you,” Dawn yelled at the room in general before slamming the door behind her.
“I don’t know why everybody thinks this age is so awesome. I liked them better when they were two and those were supposed to be terrible,” Parker said, befuddled.
Connor, beside her, snickered. “Don’t worry, Mom. Teenagers hate it, too.”
Hardison fought the urge to cackle, spinning his chair back towards his computer and stuffing his fist into his mouth. His yelp was muffled when a sharp rap of Eliot’s fist to the back of his head shoved his fist into his teeth.
“It’s all part of growing up,” Eliot intoned grouchily. “She’ll get over it.”
“I still don’t get why she wants to go to prom, anyway,” Parker grumbled, sincerely baffled. She adjusted Connor’s hands on the pick so that the lock he was practicing on popped open and he grinned, delighted, before snapping it closed and starting again. “She doesn’t even like to dance.”
Hardison risked a glance at Eliot and, if scowls could kill, there would be one very dead high school senior out there for daring to ask his daughter on a date in the first place.
“It’s a party,” Connor shrugged, still focused on his lock. “And she’s the only Sophomore that got asked. It’s kind of a big deal.”
Now Eliot was scowling at Connor as Parker’s face went blank. She didn’t like denying the kids the little bits of normal they could dredge up, especially if, in teenage terms, it was a big deal. Connor knew that; Eliot did, too.
“I thought what’s-her-name asked you to go at the beginning of the year,” Eliot said, trying to shift Parker’s focus. No way he was letting a Senior
take his little girl on a date.
Hardison spun in time to see Connor’s face squish up into a look that’d come straight from Parker’s repertoire: the normal-people-are-weird-and-discomfiting look. For them not to actually be mother and son, they certain had similar mindsets and ticks.
“I said no,” Connor said, scowl mirroring his father’s. He really was a damn cute kid and that wasn’t just because Hardison was biased. “I don’t dance and I don’t give a damn about making friends.”
“Language,” Hardison snapped before he could stop himself. It was pretty much a lost cause, the twins had been swearing since they were three and heard Eliot swearing like a sailor on leave while Nate sewed him back together, but some habits were hard to break.
Connor’s face flickered and he mumbled, “Sorry, Pop.”
Hardison pursed his lips to keep from telling him it was okay. Connor did hangdog just as well as Eliot and it was instinctive to try to sooth that look away.
“I think she should go,” Parker announced, frowning. “And I think Connor should go, too.”
“Mom,” Connor said, drawing away from her in betrayal.
“It’ll be good for you,” she said, chin jutting out. “It’s…normal.”
“Well, I can’t go, anyway, because Wednesday’s already decided not to go,” Connor said, both a touch defiant and a touch relieved. “And Jared’s weird. You don’t want Dawn dating him.”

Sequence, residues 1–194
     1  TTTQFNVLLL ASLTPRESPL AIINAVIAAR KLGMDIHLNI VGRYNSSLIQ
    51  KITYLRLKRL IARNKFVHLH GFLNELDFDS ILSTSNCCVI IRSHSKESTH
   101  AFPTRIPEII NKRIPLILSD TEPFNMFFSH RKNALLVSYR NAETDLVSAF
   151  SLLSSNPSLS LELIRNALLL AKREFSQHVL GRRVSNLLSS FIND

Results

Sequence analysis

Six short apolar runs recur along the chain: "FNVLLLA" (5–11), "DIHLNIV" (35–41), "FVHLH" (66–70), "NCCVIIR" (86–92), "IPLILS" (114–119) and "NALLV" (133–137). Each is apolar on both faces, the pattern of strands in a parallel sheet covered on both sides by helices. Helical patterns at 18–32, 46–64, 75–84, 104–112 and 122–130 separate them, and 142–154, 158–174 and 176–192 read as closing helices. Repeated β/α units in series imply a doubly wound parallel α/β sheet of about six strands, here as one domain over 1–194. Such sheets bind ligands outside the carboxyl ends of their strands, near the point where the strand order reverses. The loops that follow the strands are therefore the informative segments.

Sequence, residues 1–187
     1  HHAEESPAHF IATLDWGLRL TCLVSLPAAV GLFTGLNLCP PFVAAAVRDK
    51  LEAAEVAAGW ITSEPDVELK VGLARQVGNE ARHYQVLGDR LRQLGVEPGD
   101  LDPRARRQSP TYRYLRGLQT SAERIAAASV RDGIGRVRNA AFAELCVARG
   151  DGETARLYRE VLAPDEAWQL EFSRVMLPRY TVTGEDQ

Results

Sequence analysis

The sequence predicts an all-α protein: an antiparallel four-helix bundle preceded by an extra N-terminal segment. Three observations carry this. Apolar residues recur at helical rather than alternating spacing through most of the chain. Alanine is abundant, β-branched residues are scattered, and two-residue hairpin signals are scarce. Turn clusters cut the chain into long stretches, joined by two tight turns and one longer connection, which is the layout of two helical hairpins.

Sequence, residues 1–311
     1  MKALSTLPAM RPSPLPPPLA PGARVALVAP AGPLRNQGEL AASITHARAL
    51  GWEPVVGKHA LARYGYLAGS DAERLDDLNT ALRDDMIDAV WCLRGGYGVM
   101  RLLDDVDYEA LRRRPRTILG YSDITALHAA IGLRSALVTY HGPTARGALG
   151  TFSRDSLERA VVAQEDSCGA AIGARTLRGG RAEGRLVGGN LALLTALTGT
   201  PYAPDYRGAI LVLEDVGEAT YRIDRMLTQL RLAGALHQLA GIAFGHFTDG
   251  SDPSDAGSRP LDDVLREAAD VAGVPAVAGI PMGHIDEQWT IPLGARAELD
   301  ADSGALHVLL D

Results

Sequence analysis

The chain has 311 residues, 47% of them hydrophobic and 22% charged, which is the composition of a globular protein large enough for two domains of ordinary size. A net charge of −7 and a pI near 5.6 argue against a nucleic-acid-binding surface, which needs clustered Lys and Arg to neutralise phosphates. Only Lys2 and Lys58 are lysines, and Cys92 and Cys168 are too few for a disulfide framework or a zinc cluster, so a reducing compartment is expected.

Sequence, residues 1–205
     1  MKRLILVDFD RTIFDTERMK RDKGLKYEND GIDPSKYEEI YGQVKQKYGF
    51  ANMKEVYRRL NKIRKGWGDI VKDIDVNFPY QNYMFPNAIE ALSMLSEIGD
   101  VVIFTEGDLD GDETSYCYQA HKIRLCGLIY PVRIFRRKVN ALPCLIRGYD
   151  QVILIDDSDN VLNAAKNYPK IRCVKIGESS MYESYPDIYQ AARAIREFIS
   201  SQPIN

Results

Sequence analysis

And Hardison could’ve told Connor that those were both the wrong arguments to take because Parker’s face went crafty and Eliot, leaning back against his desk, muttered, “Oh, hell.”
“You ask Wednesday to prom,” she ordered, standing. “And I’m going to get Sophie. We’ve gotta take Dawn to look for dresses.”
Her face squished up in dismay at the idea of shopping, with Sophie no less, but she twirled and marched resolutely for Dawn’s room. Eliot practically growled, but Hardison knew he wouldn’t try to make her change her mind. Strange as it seemed, Parker made a lot of the decisions about the twins’ welfare and they usually turned out for the better.
“Dad!” Connor practically wailed, whirling on them. “Pop! Do something!”
“Oh, son,” Hardison said, shaking his head. “One of these days, you’re going to realize that women rule the world and men just don’t realize it. Your mother has spoken.”
Eliot grunted before saying, “She wants Dawn to be able to go but she knows I won’t let her go without backup.”
It was a ridiculous reason but, a. Probably true and b. Made Connor melt in relief.
“I could just sneak in,” Connor pointed out, scowling.
Hardison rolled his eyes. “You like Wednesday. Just ask her to the damn dance.”
He winced at the swat Eliot landed on his shoulder and made a mental note to drop some cash in the swear jar.
Panic flickered across Connor’s face and he said, “I don’t know how to do that.”
Hardison felt a little bad for him because he remembered the terror girls could instill at 16 and he’d never wanted to date a girl like Wednesday.
Eliot, though, snorted. “Just pick up the phone and ask her. But don’t tell her you’re only going to babysit your sister.”
Connor was pale and a little dazed, but he turned towards his room. You’d have thought he was a dead man walking for all the enthusiasm he showed. Then again, Wednesday was terrifying so maybe he was a dead man walking.
Hardison looked up at Eliot and said, “I don’t know how it happened but he really is a little bit of the three of us, your scowling and attraction to scary women, Parker’s people skills or lack thereof, and my geek power.”
Eliot looked down at him and his scowl slowly faded. He wrapped one callused palm around the back of Hardison’s neck and murmured, “Could’ve turned out worse.”
“Yeah,” Hardison said, letting Eliot’s smile distract him. “He could’ve turned out like Ria.”
Eliot gave a short laugh before kissing him.